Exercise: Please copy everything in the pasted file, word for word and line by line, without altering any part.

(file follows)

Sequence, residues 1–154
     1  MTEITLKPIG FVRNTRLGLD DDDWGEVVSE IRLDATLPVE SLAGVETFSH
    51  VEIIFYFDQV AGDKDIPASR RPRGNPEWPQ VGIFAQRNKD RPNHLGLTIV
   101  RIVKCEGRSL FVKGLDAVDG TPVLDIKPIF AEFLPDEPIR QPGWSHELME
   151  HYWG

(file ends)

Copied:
Sequence, residues 1–154
     1  MTEITLKPIG FVRNTRLGLD DDDWGEVVSE IRLDATLPVE SLAGVETFSH
    51  VEIIFYFDQV AGDKDIPASR RPRGNPEWPQ VGIFAQRNKD RPNHLGLTIV
   101  RIVKCEGRSL FVKGLDAVDG TPVLDIKPIF AEFLPDEPIR QPGWSHELME
   151  HYWG